“I’ve been thinking about it for three years,” Snyde said of the three-phase plan she unveiled at November’s State of the City Address. “We just wanted to be prepared before we went out into the public.”
Snyde plans to expand the science museum to bring in more tourism dollars and beautify some of the less visually appealing streets in Lodi. Its estimated cost is $17 million.
“I think (the expansion will) boost the economy because we’re currently talking about a lot of unused buildings,” said CEO of Visit Lodi CEO and President Nancy Beckman.
Snyde is confident the benefits will reach beyond the city.
“Other cities the same size will be able to copy what we do,” Snyde explained. “It’ll be a model for small towns across the whole country.”
The proposal includes transforming the 9,000-square-foot museum into a 51,000-square-foot urban park complete with a carousel, media dome, expanded retail space, a rooftop observatory, café, and tree-lined lit walking areas.
“We’re very supportive of the concept,” Beckman said. “I think this is something that will be very visible and very attractive to visitors to our community.”
With the added space, Snyde believes the museum will be able to accommodate 10 daily fieldtrips instead of the four the museum hosts now. That’s good news for the schools Snyde said the museum must turn away.
To shoulder some of the costs, Snyde is looking to volunteers. For example, Lodi architect John DellaMonica developed the building plans with Snyde free of charge.
“All of us that have been involved with this project are all volunteers because we believe in it,” Snyde said.
Despite hundreds of pro bono man-hours, the museum still has a hefty sum to raise, so it’s looking to the community for help.
Phase one of the project includes the purchase and demolition of buildings on Sacramento Street. To fund this phase, the 501c3 nonprofit needs to raise $2.5 million. Fundraising is already underway.
Snyde makes presentations, asks for donations and connects with people who want to make a difference in the Central Valley.
It’s not a new concept. The museum, which opened in 2009, was funded in large part by community donations.
To cover the remainder, staff are applying to family foundations and corporations.
Phase two involves the construction of the new spaces. Phase three is the closure of Sacramento Street between Pine and Elm streets to create an urban park.
Completion of phase one is dependent on how long it takes to raise funds. After that, Snyde estimated phases two and three could be completed within two years.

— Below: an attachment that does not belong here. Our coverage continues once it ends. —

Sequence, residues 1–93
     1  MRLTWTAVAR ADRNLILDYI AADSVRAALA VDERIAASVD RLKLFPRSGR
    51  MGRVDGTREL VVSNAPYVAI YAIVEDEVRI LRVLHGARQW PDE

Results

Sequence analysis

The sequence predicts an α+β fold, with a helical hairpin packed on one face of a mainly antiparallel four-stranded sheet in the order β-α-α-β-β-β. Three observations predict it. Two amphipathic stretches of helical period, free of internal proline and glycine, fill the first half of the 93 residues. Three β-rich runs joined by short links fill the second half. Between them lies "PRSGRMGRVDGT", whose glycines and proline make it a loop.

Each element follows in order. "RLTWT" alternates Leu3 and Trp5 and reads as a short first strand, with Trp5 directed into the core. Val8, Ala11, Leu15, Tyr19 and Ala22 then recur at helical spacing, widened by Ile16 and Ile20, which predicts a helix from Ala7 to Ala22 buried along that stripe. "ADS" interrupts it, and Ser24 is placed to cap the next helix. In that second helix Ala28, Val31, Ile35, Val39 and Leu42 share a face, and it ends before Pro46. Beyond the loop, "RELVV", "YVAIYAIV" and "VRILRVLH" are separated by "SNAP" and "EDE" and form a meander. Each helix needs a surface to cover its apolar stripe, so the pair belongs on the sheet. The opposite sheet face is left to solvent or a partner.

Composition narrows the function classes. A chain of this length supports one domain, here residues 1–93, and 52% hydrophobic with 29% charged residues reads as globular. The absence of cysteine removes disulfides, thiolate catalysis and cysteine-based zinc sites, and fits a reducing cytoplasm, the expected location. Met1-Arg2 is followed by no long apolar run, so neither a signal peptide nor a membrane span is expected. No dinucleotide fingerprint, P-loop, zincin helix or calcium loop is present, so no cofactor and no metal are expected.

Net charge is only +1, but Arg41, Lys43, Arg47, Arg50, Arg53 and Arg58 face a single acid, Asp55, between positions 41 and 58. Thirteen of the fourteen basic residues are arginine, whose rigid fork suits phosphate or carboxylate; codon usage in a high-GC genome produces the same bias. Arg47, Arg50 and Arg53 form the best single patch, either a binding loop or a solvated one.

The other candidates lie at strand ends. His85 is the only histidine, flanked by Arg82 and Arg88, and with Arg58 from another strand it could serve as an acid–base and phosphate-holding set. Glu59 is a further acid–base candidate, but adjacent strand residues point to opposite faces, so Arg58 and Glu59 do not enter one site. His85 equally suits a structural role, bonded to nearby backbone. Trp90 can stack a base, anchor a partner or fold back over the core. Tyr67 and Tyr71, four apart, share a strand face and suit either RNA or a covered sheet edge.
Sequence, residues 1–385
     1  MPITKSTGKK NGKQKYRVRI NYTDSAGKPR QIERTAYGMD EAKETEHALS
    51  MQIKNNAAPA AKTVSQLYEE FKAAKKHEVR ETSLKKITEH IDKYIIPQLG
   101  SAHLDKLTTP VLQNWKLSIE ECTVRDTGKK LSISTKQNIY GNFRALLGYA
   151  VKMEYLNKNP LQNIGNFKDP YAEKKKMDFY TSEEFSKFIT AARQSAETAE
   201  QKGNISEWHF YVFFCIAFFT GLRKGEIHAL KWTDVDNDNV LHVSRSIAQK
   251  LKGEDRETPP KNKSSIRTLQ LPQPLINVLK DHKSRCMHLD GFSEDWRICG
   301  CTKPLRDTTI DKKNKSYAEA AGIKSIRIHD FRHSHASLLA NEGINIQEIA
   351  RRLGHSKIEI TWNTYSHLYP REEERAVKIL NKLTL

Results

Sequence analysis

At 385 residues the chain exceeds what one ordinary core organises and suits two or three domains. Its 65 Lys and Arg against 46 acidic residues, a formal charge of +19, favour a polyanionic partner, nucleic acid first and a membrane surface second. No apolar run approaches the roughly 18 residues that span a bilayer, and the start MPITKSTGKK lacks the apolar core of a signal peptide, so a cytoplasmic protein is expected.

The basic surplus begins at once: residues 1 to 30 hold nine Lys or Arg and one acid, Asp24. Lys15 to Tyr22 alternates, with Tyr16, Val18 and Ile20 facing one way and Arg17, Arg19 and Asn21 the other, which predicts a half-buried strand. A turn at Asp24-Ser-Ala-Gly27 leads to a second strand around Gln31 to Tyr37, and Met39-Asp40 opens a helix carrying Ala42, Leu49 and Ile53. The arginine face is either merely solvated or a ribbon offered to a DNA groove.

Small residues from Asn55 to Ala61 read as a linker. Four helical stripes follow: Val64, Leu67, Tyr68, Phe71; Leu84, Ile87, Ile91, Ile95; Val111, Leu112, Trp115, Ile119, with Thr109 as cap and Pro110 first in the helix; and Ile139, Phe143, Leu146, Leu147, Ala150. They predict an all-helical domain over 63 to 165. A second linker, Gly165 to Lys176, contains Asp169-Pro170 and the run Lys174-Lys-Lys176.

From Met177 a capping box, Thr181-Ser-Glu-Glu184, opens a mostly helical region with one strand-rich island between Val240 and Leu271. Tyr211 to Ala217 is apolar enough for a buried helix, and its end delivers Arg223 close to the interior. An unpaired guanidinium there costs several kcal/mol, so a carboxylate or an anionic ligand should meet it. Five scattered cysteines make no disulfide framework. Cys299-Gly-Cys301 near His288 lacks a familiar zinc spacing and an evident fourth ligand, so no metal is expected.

She expects fundraisers will look outside of the immediate area to obtain donations for the next two phases.
“We will be very creative when it comes to our donor walls,” Snyde said. That includes acknowledging donors in “a fun way,” such as naming science exhibits after them. “They will be recognized.”
One of the most popular sponsorship opportunities so far comes from the carousel. It’s a handcrafted, hand-painted work of art being imported from Ohio.
“It’s going to be animals of the Valley, not just horses,” Snyde said. People are already committing to the outside figures that include Sandhill cranes and salmon for $25,000 each.
The carousel and the media dome are estimated to cost $1 million each. Aside from those two projects, the bulk of the construction will funnel money back into the city through job opportunities. A lot of the construction, however, will be donated. The media dome is coming from a company in the San Francisco Bay Area.
It will be business as usual at the WOW museum during the expansion. There are no planned closures.
Funding strategies for daily operations will also remain. No revenue is being taken from current operations to cover expansion costs.
Seventy-five percent of the museum’s budget comes from earned revenue. That includes money raised through programs and admissions. Of the 52,000 visitors who went to the museum 2015, most weren’t Lodi residents. Only 25 percent comes from grants and donations.
After the expansion is complete, the model won’t change. Snyde believes the proposed additions will pay for their own operating costs.
Snyde sees overhauling Sacramento Street as a big positive.
“Sacramento Street has always been known as the slums of Lodi,” Snyde said.
When people come from out of town to visit the WOW, Snyde said they often see the blight across the street and choose not to explore the rest of the City.
“I think it’s going to really beautify that area of the downtown,” Beckman said.
Individuals and businesses interested in donating can contact Snyde directly, or visit the World of Wonders website.